Banks communicate via charted TCGT “ponies”; these heavily guarded couriers carry information between banks all across the Union. The guards are part of the TCGT Courier Corps, and this is a major source of income for the TCGT Courier System.
As humanity expanded across the stars, and banking expanded, bankers encountered the need to create an infrastructure to handle transactions, large and small, all across the systems and to communicate effectively. They invested in the development of highly efficient secure mainframes that could handle vast amounts of information, encrypt data and share it with other systems via the couriers. These highly advanced computers represent the cutting edge in the emergent field of true AI. These mainframes became known as NODES and in most systems, both in heavily populated worlds and small settlements, electronic communication grid were created to handle electronic monetary transactions. The NODES have far more processing power than the banks need and the grid is also used for news, entertainment and other general communication needs.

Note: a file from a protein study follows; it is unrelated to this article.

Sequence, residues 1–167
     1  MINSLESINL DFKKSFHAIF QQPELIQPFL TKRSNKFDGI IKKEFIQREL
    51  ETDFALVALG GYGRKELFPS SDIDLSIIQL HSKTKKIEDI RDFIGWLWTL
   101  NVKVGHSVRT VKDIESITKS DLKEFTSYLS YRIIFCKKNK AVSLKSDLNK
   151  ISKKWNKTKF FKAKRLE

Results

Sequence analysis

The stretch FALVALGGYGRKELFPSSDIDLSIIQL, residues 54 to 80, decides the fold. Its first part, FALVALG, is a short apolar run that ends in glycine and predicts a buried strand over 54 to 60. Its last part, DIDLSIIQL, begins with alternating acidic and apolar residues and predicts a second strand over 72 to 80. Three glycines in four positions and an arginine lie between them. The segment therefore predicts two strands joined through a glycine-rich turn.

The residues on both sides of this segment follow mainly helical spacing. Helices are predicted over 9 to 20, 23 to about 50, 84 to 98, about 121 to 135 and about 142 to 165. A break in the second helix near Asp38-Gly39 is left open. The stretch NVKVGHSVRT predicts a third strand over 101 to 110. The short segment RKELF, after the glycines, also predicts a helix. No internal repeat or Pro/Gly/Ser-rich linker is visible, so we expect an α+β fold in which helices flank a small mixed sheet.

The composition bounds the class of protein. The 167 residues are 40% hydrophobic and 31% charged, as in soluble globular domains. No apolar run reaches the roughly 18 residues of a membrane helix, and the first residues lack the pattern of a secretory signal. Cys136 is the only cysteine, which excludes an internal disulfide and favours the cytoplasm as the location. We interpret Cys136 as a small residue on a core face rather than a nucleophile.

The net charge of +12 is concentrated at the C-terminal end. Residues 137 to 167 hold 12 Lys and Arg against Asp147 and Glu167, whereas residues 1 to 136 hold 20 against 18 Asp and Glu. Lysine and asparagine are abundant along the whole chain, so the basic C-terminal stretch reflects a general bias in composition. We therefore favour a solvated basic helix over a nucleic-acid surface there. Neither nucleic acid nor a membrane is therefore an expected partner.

In the central worlds of the Union there are hundreds of NODES working and connecting all the planets in a system, in frontier colonies there may be only one NODE and the grid may only reach a few settlements on the planet. NODES and the accompanying grids are not available in all worlds in the Outlands. Where banks are not present there are sanctioned bank representatives, colloquially called the Temps, who will recognize existing lines of credit, lend out money and cash out to hard UMU. When you don’t want to deal with official channels you rely on the underworld and criminal elements such as moneylenders, corrupt Temps, or loan sharks.